In this stunning and beautifully written book, Christian Suhr offers unique insights into encounters between psychiatry and spirit possession in Islamic diasporic communities. Like the accompanying film, the book is caring and thought-provoking. This is a must-read (and must-see!) not only for students and scholars of Islam, and of psychiatry, but also for all who want to think seriously about how form can be put to work conceptually—how montage, for instance, can become a mode of analysis.

— AMIRA MITTERMAIER, University of Toronto

This book and film plumb a boundary that counts above all others in Islam and arguably in every religion: the divide between the seen and unseen worlds. By focusing on jinn possession and exorcism, the author exposes the extent to which the ʿālam al-ghayb, or unseen world, informs the mundane, day-to-day existence of Muslims within it. Christian Suhr is a remarkably gifted auteur and a highly self-reflexive critic of audiovisual media. What he has to say regarding the possibilities and limitations of this medium for Islamic studies is far reaching. This book and film matter.

— SIMON O’MEARA, SOAS University of London

A powerful contribution to anthropological understandings of spirit possession and Islamic exorcism and a groundbreaking work in the field of audiovisual anthropology. Exceptionally clear and well-written; a joy to read. In ethnographic approach as well as theoretical radicalism, this book sets new standards for contemporary visual anthropology.

— MICHAELA SCHÄUBLE, University of Bern

This monograph and film constitute a challenging, thought-provoking, and insightful piece of scholarship that reflects an unusually deep engagement with a difficult field of research. With a strong sense of purpose, and respect for his subject and collaborators, Suhr has produced an impressively rich ethnography, often of a highly intimate nature. The core questions have to do with the nature (and the effectiveness) of neo-orthodox Islamic healing and Danish psychiatry, but also with the possibility of intercultural cohabitation: the urgent questions of today’s Denmark, Europe, and the ghettoized and globalized world in which we live.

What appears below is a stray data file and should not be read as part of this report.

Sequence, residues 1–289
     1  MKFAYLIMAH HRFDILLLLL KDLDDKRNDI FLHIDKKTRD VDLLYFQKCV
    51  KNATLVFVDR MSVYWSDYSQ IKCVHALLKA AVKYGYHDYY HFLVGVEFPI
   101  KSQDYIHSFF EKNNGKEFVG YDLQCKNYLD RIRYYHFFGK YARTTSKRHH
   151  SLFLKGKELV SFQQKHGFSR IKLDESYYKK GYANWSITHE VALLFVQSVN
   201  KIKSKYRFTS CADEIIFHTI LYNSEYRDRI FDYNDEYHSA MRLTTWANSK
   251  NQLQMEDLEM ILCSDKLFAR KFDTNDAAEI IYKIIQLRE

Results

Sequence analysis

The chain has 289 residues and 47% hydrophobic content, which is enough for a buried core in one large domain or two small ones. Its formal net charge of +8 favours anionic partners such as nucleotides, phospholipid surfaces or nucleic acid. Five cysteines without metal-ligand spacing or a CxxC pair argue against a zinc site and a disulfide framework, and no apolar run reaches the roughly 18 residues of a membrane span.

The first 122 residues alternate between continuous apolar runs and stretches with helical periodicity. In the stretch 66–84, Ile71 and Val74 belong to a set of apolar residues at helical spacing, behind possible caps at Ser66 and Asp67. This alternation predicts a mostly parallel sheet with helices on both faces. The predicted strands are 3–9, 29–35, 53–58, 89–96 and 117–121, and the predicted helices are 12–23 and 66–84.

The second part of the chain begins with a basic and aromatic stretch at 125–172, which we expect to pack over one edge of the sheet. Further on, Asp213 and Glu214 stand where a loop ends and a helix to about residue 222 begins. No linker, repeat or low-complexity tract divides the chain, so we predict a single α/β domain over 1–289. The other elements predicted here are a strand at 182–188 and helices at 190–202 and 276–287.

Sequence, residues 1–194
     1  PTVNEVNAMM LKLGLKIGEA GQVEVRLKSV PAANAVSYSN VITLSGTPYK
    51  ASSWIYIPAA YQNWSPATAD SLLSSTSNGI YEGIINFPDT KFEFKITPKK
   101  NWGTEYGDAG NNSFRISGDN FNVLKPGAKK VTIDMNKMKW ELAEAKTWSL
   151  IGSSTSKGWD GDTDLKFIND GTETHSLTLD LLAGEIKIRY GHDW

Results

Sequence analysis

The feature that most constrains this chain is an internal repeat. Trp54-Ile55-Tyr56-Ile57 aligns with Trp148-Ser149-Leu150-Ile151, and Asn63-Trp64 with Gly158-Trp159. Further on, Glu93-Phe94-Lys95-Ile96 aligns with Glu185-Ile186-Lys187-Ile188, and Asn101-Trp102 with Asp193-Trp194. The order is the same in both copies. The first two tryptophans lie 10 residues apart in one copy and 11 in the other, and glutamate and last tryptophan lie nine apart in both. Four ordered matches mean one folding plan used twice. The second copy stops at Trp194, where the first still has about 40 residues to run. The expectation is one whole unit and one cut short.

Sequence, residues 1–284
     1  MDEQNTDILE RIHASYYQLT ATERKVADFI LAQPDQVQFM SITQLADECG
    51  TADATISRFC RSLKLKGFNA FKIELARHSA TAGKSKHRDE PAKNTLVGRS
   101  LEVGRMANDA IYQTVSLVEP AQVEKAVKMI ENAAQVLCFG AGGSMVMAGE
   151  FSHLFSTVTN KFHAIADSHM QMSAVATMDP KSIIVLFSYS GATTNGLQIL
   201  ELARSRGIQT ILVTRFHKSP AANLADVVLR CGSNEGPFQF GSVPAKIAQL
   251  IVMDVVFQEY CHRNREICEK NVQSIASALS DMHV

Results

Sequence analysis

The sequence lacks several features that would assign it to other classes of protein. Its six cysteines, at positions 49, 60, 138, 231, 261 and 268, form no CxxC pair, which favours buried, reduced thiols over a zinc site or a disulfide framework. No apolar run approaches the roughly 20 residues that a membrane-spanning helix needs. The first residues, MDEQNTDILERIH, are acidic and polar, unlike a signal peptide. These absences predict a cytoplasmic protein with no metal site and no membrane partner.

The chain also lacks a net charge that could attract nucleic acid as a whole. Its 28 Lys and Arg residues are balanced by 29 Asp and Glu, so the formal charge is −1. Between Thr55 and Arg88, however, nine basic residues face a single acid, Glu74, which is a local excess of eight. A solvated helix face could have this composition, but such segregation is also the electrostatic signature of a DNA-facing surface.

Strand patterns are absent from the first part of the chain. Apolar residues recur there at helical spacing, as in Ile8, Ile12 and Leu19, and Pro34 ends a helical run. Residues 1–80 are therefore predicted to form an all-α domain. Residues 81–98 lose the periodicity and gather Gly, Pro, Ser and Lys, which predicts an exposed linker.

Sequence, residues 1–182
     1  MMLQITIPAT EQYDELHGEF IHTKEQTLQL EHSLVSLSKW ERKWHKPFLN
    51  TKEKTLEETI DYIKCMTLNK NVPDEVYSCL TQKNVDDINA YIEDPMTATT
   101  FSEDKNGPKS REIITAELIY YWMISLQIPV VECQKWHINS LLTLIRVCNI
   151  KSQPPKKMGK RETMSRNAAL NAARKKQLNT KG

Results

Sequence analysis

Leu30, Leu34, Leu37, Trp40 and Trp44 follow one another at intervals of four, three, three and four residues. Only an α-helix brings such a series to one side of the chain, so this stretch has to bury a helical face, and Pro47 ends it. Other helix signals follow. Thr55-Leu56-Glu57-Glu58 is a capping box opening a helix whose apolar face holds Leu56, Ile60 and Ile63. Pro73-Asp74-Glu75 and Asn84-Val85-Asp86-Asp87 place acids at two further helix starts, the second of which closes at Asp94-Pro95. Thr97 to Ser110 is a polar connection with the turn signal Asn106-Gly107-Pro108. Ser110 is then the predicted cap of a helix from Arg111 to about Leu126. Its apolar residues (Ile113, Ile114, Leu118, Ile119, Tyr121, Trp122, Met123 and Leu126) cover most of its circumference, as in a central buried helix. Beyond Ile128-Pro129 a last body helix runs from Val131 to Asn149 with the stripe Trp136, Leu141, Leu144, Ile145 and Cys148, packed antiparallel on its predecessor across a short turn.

— LAURA U. MARKS, Simon Fraser University

Descending with angels delivers a compelling exegesis of the way that faith is integrated into secular society through the particular lens of psychiatric illness and spirit possession. Both elements of this work make a huge contribution to medical anthropology and Islamic studies. Suhr’s reflections on methodology contribute significantly to the development of film as a research method as well as a means for broadening scholarly expression. The accessibility of this work will be appealing to students and scholars as well as to professionals involved in the treatment of mental disorders.’

ANDY LAWRENCE, University of Manchester

It seems to rain a great deal in Denmark. With the rain, angels descend to feed plants, bless homes, wash the city, and generally watch over its residents. Christian Suhr’s ethnographic film, Descending with angels, considers what comes down with the rain, as Suhr maneuvers between and through Islamic healing practices and the Danish psychiatric system. 

The film accomplishes something unique in participatory sequences in which Suhr and the doctors, shaykhs, Muslim patients, and Muslim youth attempt to make sense of what they are seeing, from footage Suhr has shot to online Islamic exorcism videos. 

Descending with angels provides a complex picture of Muslim life in Denmark, from the diversity of Muslim immigrant communities to the transcultural spaces between medicine, religion, social services, and community. It dives into and evokes the liminal and transgressive, avoiding totalizing narratives and burdens of information while also getting at what it means to believe, whether in magic or Western medicine.

The film offers a productive point for pedagogical departure for classes concerned with Islam and Islamic healing, immigration, consciousness and mental illness, religion and science, public health, ethnographic ethics and reflexivity, and visual anthropology.

— MARYAM KASHANI, University of Illinois
American Anthropologist, June 2018